The problems with today’s AM radio weren’t created overnight. Its demise started decades ago when the FCC allowed more and more stations, full-time and daytime, high and low power, non-directional and directional to be crammed onto the dial. Today, additional interference from modern lighting, computers, smartphones and other things, creates an interference filled AM broadcast band. If listeners want the “limited programming” available on AM, like conservative talk shows, sports, religion and brokered programming, they can find a better and more convenient way to hear it, like streaming over an iPhone.
AM’s problems are interference and limited programming choice, the core issues facing AM radio today.
So what can be done about interference? In 2013, the FCC issued a “Notice of Proposed Rule Making” (NPRM). Pretty much everything it proposed then, which they have done nothing to advance since, will take a lot of time, something AM radio no longer has.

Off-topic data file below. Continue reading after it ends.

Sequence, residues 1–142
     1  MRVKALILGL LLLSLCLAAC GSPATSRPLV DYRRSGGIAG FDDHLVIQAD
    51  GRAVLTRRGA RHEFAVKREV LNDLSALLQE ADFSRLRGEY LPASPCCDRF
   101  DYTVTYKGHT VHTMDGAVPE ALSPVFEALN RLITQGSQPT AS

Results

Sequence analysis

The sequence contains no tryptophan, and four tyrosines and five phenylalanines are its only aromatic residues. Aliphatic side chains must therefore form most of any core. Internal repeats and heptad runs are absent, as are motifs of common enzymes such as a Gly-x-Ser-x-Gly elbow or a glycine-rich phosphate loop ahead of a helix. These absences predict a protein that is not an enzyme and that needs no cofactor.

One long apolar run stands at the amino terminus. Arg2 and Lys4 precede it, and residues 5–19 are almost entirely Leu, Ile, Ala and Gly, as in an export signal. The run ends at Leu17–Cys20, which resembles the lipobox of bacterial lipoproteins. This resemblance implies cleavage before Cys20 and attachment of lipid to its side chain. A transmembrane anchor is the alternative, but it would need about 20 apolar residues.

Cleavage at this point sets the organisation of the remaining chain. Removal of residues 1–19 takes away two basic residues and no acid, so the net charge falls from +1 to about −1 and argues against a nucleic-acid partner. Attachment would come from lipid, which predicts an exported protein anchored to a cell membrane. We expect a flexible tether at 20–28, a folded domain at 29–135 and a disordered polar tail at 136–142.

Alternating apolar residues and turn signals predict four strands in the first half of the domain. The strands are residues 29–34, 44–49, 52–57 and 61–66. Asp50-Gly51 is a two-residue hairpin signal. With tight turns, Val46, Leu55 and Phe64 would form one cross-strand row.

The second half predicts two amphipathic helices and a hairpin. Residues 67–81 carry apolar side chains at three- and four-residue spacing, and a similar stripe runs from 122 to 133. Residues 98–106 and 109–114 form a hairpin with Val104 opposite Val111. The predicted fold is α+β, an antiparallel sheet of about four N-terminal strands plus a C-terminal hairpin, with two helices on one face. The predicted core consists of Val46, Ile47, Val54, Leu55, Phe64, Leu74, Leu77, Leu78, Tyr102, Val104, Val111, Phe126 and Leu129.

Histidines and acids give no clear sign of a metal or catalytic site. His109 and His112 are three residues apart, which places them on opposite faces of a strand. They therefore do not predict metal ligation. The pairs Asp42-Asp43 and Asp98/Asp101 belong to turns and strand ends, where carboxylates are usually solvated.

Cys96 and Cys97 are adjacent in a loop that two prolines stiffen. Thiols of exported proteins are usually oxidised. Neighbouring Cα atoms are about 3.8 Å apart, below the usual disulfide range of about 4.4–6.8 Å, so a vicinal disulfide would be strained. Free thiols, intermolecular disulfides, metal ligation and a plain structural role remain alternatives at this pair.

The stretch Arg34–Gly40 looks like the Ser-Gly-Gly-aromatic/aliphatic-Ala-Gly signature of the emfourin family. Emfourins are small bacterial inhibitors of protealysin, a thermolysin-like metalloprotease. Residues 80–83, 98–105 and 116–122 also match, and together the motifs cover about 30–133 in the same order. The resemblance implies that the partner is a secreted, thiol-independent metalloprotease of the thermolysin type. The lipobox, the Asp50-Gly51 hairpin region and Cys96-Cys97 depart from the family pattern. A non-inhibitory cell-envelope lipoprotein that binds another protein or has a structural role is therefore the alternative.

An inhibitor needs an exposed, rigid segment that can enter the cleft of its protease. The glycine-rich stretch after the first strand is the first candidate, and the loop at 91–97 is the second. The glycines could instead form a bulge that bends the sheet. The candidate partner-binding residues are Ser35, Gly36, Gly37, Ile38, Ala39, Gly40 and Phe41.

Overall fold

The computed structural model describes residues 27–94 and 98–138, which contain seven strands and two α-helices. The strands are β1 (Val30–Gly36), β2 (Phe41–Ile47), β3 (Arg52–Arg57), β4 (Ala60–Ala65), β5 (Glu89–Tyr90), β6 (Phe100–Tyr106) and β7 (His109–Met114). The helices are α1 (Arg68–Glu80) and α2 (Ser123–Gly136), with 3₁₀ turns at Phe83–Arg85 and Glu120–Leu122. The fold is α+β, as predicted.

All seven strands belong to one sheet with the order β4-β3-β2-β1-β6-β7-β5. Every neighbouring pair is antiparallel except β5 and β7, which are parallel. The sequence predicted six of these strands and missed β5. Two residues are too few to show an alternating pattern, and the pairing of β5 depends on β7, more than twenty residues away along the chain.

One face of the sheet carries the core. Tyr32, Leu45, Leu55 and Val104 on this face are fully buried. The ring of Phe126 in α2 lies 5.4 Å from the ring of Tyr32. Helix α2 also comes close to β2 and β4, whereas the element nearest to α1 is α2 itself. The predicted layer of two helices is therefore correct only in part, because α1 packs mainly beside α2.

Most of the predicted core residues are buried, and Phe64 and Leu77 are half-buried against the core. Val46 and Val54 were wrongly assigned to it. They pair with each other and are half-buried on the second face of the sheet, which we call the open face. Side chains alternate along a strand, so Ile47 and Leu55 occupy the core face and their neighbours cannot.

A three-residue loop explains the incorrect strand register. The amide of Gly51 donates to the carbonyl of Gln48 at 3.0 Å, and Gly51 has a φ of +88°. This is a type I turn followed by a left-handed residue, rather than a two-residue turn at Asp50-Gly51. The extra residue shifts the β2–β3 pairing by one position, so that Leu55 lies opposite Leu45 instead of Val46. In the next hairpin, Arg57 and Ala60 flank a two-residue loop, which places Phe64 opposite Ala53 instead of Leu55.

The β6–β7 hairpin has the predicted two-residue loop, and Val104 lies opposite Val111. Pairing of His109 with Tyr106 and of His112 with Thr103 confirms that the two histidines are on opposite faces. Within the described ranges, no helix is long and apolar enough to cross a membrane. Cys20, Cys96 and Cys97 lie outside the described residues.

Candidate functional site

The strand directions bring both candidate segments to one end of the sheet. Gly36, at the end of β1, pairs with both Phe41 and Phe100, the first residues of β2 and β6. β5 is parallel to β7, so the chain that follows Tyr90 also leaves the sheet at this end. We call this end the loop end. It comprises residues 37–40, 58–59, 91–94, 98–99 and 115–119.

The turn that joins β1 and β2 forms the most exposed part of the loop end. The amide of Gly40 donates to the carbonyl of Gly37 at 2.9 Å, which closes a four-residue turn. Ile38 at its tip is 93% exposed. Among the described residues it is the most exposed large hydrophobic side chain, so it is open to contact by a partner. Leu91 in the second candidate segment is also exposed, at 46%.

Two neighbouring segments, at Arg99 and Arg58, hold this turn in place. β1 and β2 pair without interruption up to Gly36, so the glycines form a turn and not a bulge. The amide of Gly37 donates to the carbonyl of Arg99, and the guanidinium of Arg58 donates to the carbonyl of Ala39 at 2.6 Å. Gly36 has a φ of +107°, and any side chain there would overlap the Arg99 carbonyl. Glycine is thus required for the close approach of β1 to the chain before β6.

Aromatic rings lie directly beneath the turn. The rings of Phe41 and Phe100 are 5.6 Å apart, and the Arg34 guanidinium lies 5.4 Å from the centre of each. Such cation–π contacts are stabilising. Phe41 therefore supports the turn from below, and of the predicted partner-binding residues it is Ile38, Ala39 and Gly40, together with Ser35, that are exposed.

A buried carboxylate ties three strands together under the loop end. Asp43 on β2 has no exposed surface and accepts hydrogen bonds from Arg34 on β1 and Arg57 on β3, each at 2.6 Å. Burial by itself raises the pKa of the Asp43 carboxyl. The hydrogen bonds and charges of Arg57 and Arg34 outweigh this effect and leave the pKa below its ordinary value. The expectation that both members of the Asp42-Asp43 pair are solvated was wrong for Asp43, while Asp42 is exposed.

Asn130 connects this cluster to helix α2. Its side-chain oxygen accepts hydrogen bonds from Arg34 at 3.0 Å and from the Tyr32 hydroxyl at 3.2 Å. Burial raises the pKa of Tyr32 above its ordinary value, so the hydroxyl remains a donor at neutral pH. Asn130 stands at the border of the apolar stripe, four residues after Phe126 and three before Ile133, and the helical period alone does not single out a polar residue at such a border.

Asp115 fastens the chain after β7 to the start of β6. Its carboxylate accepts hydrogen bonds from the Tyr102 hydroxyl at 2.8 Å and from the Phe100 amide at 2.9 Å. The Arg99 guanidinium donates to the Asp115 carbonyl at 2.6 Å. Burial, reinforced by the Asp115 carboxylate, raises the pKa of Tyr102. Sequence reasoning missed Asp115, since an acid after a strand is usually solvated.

The FCC’s proposed 2013 fixes were:
- Modifying AM antenna standards
- Wider implementation of modulation dependent carrier level control technologies
- Eliminating the “ratchet rule”
- Modifying daytime and nighttime coverage standards for existing AM stations
Most, if not all of the above, will cause more interference and/or signal distortion on the AM band.
The final proposed fix was allowing AM licensees an exclusive filing window for FM translators, which I previously said won’t help AM radio “because the translators are on FM.” All joking aside, allowing more stations to be jammed onto the FM band is nothing more than the “AM-ization” of FM and will cause more interference and decreased signal coverage for existing FM stations. Revitalizing the AM band by allowing licensees a low powered FM translator frequency is not “revitalization.” It’s a white flag surrender with the FCC and broadcast industry giving up on the AM radio.
And could that be the ultimate goal? Freeing up the valuable AM spectrum space to be auctioned off for other uses, like wireless data?